Video GamesWhy I keep playing this "boring" simulator game
If hauling consumer goods as efficiently as possible interests you, but reality is preventing you from being a freight train conductor or trucker, these games are the next best thing to the open road.
I've been playing Farming Simulator for about two hours, and I'm lost on my own property. I have a map on my PDA, and my fields have been assigned numbers, but I forgot to keep track of which field is which. Instead of getting anything done, I'm driving around aimlessly, listening to the birds and the hum of my tractor and trying to remember where I'd planted some crops. It's not working. The scenery is nice, but not that nice, and I'm starting to get antsy.
The birdsong is interrupted by the buzz of my PDA. Someone at the country club that apparently abuts my brand new farm wants to know if I can drive a forklift over and help them move some seeds. I don't own a forklift attachment for my frontloader, but for some reason the payment for the country club job will just about cover its cost. Bored, and encouraged by the implied promise of more easy forklift work, I head over to the vehicle-and-attachment store and pick up a Wiedmann Pallet Fork, which I promptly attach to the front of my Weidemann 4270 CX100 T frontloader.
"Now I'm in business," I think, as I attempt a shortcut over the crest of a hill and spin out of control, irrevocably lodging my $26,000 Weidemann at the bottom of a ravine.
It was foolish to attempt the shortcut, to leave the robust road system that already existed in and around my land. I had to take out a loan to buy the farm, so I'm $40,000 in debt to the bank. I can't afford another frontloader. I got a little bored, which made me a little greedy. As a result of my greed, I'm left at the bottom of the ravine, wondering why anyone would choose to Simulate a Farm in a fidelity high enough to cause debt anxiety.
Farming Simulator is just one of a small genre of games built around simulating mundane, often tedious jobs. There's Euro Truck Simulator, in which the player can step into the mind of a European long-haul truck driver. Train Simulator lets you drive a train around. Flight simulators, of course, have existed for long enough and in enough forms that they are now a cornerstone of both actual military training and some of the most elaborate, gear-fetishizing bedroom computer rigs I have ever seen.
But why fill up a bachelor pad with twelve CRT monitors? Why spend 45 minutes plowing a virtual field in a computer-rendered version of an actual, commercially available plow? What kinds of enjoyment can be wrung from a persistent, low-key simulation that punishes rush jobs and consciously avoids the kinds of deviations from reality that most people associate with a good video game time?
Each of these simulators represents a system that emulates an actual, more exclusionary system. If transporting large amounts of consumer goods as efficiently as possible interests you, but real-world circumstances are preventing you from being a freight train conductor or trucker, these games are the next best thing to the open road.
These same systems can also be easily distilled into video game-sized goal/reward structures (plant wheat, harvest wheat, sell wheat to pay off loan), but they diverge from most other video games at their scale in that they don't require any learned or honed skill as much as they just reward old-fashioned diligence. I am a horrible driver, and I mastered the turning radius on my plow within about ten minutes; the rest of Farming Simulator's plowing experience left me literally and figuratively on cruise control, watching my canola reserves pile up and wondering how long it would take for me to afford some chickens.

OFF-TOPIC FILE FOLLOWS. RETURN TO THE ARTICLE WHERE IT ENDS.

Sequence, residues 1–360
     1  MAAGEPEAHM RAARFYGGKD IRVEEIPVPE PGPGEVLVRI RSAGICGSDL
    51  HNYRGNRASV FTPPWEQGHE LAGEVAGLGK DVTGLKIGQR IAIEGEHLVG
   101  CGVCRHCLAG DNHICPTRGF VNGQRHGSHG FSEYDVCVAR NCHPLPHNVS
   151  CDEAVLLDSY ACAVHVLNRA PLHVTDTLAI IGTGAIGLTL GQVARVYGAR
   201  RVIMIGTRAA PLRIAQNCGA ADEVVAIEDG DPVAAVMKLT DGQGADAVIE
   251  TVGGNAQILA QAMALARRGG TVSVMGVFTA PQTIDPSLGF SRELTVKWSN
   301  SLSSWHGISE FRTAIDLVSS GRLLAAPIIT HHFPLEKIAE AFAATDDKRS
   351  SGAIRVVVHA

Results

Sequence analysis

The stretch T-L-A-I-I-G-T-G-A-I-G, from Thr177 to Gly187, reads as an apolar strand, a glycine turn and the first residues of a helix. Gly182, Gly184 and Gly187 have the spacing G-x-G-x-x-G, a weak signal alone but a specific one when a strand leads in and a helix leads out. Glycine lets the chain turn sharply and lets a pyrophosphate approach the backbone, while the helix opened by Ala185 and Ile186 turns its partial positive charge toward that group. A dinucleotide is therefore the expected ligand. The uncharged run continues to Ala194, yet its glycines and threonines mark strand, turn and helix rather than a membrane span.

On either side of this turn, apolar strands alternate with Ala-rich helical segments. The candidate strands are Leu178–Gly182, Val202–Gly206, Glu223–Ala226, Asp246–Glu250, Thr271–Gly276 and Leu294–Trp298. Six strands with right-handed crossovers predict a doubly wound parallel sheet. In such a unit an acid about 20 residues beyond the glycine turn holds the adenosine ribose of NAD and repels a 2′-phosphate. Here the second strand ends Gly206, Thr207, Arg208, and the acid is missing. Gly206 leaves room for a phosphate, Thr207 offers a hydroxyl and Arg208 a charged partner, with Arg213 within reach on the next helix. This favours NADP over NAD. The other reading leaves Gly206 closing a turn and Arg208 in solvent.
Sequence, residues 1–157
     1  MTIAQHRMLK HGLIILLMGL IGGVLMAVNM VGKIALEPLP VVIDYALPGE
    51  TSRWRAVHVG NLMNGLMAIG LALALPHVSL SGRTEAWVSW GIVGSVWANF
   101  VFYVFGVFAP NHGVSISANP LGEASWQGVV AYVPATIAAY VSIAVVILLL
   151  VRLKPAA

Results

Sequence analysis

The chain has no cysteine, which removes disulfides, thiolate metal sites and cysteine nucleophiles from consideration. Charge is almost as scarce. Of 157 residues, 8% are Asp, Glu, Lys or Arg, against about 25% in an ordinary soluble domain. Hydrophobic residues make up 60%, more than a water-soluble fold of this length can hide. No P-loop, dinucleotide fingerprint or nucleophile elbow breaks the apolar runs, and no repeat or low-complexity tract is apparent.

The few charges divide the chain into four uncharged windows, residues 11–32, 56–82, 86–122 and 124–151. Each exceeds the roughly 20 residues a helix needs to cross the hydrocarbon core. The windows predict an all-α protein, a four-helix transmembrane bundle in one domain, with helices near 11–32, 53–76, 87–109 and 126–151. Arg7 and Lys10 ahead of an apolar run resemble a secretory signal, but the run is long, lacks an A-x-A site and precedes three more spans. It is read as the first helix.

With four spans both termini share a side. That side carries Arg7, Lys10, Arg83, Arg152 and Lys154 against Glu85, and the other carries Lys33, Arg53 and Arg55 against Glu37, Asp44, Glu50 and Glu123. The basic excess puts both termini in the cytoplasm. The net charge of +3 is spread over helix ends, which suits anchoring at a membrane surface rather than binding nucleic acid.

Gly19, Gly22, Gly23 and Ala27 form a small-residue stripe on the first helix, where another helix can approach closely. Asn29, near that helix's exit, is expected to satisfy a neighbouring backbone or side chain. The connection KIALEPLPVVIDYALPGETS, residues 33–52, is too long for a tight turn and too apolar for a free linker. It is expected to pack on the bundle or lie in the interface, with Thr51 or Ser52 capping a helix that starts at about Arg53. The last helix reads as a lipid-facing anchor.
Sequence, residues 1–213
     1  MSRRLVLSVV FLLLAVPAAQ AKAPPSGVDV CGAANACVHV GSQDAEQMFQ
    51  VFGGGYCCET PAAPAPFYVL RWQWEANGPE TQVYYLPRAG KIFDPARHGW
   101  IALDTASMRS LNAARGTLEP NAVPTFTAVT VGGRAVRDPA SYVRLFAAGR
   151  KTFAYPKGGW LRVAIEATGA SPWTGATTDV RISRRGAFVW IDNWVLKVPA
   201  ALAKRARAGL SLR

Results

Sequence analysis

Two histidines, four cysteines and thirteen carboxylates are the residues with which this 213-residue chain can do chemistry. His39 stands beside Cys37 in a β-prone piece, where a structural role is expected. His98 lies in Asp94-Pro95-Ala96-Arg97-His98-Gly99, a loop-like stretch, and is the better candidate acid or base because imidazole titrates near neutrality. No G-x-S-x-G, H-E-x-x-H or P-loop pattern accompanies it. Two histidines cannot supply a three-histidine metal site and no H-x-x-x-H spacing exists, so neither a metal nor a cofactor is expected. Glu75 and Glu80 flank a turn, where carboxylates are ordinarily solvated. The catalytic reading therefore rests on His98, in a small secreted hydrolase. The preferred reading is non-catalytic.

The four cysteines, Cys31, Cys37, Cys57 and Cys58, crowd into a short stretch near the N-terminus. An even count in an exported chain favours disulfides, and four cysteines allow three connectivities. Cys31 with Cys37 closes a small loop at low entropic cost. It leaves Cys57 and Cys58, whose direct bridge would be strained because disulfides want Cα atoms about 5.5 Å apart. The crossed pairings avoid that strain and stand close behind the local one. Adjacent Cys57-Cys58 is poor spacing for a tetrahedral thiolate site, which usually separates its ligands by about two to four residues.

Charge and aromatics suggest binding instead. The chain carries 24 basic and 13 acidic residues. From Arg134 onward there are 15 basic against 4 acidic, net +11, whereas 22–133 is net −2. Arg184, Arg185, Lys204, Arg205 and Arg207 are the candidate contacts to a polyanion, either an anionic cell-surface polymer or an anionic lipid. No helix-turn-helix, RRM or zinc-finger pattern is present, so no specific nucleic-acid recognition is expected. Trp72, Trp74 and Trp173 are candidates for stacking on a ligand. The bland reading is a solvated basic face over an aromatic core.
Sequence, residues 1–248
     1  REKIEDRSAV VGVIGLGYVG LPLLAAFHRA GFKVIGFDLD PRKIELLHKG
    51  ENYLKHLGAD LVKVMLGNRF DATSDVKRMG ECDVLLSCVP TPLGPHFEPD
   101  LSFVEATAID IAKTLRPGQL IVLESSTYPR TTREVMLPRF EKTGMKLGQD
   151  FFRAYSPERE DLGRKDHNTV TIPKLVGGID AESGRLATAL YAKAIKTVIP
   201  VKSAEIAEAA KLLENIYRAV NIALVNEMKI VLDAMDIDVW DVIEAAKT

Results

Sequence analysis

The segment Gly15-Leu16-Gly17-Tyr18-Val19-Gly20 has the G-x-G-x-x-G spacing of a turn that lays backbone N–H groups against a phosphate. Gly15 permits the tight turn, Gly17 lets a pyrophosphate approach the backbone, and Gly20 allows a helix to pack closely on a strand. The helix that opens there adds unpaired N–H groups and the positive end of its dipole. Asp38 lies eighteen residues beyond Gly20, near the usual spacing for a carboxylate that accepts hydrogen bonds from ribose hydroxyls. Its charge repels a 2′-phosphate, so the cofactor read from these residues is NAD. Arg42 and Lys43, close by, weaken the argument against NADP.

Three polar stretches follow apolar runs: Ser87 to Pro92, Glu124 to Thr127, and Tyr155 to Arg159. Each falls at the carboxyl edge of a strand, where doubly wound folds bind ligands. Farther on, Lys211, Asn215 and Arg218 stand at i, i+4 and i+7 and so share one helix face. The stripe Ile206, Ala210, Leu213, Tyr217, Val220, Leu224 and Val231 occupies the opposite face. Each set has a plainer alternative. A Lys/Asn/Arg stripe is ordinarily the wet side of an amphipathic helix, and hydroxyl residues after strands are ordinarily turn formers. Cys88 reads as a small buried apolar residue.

IT'S ABOUT BUILDING in just enough of a feedback loop and a sense of progression. That's a basic psychological need that the games offer that school and work don't do as good a job of satisfying much of the time.
— Jamie Madigan, psychologist
After a couple fields' worth of trying to text some friends while plowing and wondering how profitable livestock might be, my technical mastery inevitably gave way to boredom. Tedium and toil are the centerpieces and defining traits of these simulations-- a game like Cart Life or Papers, Please might include its share of administrative drudgery, but they also inject challenge and story that imbues even the most mundane actions with narrative meaning. Farming Simulator, by contrast, lets the player choose between one of two farms, then encourages her to just kind of mill around the experience of owning a farm.
This baldfaced plain-ness, and its accompanying low stakes, is what these games have to offer. As far as I can tell, they are what a person is looking for, should they select to play these simulators over another game. They provide the gentlest possible vector to the experience of time passing.
Before choosing the easier of Farming Simulator's two farm locations (and its easiest difficulty level), I overestimated its complexity and spent over an hour finishing each of the game's tutorials. I eventually figured out that almost all of Farming Simulator's gameplay consists of climbing into a vehicle, attaching something (a plow, a crop sprayer, my poor forklift) to either the front or rear of the vehicle, then driving up and down a field in either first or second gear. Most of the vehicles have a third gear, but if you drive in third gear your attachment will uncouple. Depending on the task at hand, sometimes even second gear is too fast. The game informs you of this via a front-and-center popup as soon as you exceed the recommended speed.
The only thing I learned from Farming Simulator's tutorial is that a hay baler that emits classic rectangular bales discharges automatically, but if you're going for the big circular bales you have to unload the baler manually. I have no idea if that's true across the board, but it struck me immediately as something I'll eventually bring up in conversation like it's a core tenet of the farm experience.